Left untreated, micropitting of gears due to surface fatigue can lead to serious issues. Selecting the right lubricant can help keep it under control.
While individual micropits are too small to see with the naked eye, they can change the shape of gear teeth to cause vibrations, misalignment and noise, and increase the chance of fatigue failure.
Micropitting is more prevalent in case-hardened (carburised or nitrided) gears. Another factor that can contribute indirectly is using a lubricant with additives such as chlorine, potassium-borate or sulfur-phosphorus, which are designed for extreme pressure (EP) operating conditions.
As well as causing havoc with gears, damage to gear teeth from micropitting can lead to metal particle contamination of gearbox oil that affects bearings and seals.
From little pits, big pits grow
Micropits are generally under 100 microns wide – about 50 to 70 times narrower than a human hair. As micropitting wears down gear teeth, load is concentrated over a smaller area and reduces the gears’ accuracy as they mesh.
As micropits multiply, they can be seen as dull, matted areas on the surface of gear teeth. They can be tricky to detect in a visual inspection, often requiring illumination from multiple angles to confirm their presence. Intense direct lighting gives better results than diffused fluorescent illumination.
If allowed to continue unchecked, micropitting can escalate to major gear wear, or macropitting, which is one of the most common causes of industrial gear failure.
The micropitting process starts with tiny surface cracks, which nucleate and wear away an increasing amount of surface material, similar to the damage caused by abrasive wear. But unlike abrasive wear, micropits result from rolling or sliding contact fatigue between the surface and subsurface layers of gear teeth.
The metal particles worn from the gear teeth are circulated in gearbox oil and can cause more damage by making ‘debris dents’ on other gear and bearing surfaces.
This can lead to surface changes on bearing rolling elements and races, and result in spalling – subsurface metal fatigue that can cause large arrow-shaped chunks of metal to detach from surfaces.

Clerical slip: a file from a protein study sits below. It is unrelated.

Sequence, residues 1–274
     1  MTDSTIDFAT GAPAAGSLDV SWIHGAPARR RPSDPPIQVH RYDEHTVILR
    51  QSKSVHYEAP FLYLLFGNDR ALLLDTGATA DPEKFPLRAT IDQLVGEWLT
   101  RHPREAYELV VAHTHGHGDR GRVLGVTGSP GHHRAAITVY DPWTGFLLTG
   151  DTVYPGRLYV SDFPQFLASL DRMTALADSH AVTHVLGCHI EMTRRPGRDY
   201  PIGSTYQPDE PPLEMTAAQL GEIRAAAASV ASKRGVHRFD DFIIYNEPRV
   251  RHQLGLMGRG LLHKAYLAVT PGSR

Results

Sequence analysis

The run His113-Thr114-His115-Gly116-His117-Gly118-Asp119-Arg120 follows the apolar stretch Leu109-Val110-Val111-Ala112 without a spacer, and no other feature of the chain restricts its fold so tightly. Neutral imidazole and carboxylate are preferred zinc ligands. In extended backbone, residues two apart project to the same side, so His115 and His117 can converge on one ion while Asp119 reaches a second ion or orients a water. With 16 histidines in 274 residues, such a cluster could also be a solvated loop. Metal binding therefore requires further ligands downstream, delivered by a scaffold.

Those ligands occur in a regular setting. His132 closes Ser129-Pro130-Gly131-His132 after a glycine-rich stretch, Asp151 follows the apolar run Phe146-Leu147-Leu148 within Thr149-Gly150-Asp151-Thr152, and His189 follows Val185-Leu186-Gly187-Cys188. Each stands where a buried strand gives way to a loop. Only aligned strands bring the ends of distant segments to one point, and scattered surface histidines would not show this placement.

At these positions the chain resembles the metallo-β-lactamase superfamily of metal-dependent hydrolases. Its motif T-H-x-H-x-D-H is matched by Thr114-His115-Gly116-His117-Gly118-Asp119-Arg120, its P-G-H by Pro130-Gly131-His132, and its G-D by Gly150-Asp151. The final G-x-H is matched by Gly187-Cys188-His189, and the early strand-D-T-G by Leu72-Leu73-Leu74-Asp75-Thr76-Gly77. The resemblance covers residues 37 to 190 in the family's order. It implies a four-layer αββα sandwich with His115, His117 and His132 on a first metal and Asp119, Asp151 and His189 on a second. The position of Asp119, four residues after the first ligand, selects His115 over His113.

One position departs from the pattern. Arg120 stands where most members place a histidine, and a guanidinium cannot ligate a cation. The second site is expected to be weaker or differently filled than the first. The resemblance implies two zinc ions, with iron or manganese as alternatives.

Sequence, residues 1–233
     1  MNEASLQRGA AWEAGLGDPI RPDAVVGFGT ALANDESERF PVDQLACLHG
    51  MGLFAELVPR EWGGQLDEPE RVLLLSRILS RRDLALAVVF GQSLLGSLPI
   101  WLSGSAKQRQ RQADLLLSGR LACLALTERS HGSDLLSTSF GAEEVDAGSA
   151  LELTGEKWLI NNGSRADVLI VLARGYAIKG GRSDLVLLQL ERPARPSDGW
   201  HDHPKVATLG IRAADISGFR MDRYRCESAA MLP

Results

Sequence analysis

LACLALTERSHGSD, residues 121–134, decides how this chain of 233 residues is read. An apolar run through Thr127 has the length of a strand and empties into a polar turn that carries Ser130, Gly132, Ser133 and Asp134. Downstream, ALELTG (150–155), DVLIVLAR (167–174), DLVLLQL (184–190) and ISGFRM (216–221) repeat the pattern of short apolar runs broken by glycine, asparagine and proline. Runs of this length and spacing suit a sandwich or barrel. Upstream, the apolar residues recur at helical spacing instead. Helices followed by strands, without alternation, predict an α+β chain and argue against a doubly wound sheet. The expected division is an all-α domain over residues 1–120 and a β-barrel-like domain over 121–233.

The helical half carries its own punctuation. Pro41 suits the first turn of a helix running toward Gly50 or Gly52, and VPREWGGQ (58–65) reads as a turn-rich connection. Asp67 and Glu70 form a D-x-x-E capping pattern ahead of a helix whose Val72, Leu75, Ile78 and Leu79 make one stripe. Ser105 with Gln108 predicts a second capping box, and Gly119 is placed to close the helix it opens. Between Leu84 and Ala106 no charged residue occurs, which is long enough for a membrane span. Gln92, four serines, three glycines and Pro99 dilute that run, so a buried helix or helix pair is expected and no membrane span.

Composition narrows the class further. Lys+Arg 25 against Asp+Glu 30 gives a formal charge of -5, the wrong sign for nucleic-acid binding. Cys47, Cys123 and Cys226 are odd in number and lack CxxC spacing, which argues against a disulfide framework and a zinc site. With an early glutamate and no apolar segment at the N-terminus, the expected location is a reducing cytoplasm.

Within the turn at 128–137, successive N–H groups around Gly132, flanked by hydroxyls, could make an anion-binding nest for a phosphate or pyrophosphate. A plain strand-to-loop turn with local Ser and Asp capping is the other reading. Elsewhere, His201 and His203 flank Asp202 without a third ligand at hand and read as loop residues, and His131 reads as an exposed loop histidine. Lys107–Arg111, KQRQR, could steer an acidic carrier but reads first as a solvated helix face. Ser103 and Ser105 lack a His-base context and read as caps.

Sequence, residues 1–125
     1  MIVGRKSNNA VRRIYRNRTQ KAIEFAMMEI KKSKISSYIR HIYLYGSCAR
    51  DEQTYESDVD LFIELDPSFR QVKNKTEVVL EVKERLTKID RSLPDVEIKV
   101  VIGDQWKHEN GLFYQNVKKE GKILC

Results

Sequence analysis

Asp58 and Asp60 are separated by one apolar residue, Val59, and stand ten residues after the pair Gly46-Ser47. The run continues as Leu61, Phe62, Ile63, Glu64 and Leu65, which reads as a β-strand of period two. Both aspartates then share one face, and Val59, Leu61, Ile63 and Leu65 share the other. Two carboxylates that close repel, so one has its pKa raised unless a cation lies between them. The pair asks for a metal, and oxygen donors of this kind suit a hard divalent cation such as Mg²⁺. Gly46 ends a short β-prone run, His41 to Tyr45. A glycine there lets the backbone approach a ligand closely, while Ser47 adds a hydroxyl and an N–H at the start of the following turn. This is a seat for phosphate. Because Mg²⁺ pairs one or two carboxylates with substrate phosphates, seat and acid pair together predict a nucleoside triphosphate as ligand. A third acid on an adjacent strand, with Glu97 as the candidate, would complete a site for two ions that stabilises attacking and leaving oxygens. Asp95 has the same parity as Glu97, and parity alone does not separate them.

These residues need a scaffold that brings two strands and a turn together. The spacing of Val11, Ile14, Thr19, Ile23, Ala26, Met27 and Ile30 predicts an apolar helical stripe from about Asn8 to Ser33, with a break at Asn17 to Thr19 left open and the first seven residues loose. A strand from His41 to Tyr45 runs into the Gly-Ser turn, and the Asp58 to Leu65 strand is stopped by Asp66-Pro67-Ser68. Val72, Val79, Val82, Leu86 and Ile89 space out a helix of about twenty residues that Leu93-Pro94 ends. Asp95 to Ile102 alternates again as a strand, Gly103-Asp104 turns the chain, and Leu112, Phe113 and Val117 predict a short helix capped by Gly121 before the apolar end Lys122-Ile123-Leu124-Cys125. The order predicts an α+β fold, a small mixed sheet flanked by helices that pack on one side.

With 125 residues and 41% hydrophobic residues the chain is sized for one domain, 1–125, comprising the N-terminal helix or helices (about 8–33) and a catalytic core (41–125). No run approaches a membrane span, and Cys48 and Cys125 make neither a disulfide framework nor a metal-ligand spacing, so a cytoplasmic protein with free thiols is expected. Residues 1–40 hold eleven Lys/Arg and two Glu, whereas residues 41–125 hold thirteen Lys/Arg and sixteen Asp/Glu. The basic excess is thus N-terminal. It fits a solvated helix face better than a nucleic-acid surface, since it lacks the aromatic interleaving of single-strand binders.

Particle debris can also wear down seals to cause leaks and let more contaminants into the system.
Although filtration of gearbox oil can be used to remove metal particles, much of the damage described above can occur before the particles are filtered out.
ExxonMobil scientists estimate that hard debris particles from micropitting on gear teeth have the potential to decrease bearing life by more than 20 per cent.
Prevention is better than cure
A proactive approach to preventing micropitting can extend the life of gearboxes and associated bearings.
This can be achieved in three ways: select ‘super-finished’ surfaces for gears and bearings; alter the operating conditions; or choose a gearbox lubricant designed to keep micropitting at bay.
Of these options, changing lubricant formulation is the most practical measure. Super-finishing comes at a high cost and is generally reserved for critical industrial processes; and operating conditions can be beyond the end-user’s control.
A key indicator of potential micropitting is the ratio of mean-surface roughness to oil-film thickness.
Increasing the lubricant’s viscosity index can provide a thicker oil-film under similar operating conditions than a lower viscosity alternative, and a lower traction coefficient can assist in easing surface fatigue.
So replacing gearbox lubricant with a synthetic oil that has a high viscosity index and low traction coefficient (such as the Mobilgear SHC™ SMP Series) can reduce the risk of micropitting and its consequent damage.
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While micropitting is a major concern in modern industrial gearing systems, it is important to choose a lubricant that also gives good protection against other failure mechanisms such as abrasive wear and scuffing. Other properties to consider are foam control, corrosion protection and compatibility with seal materials.
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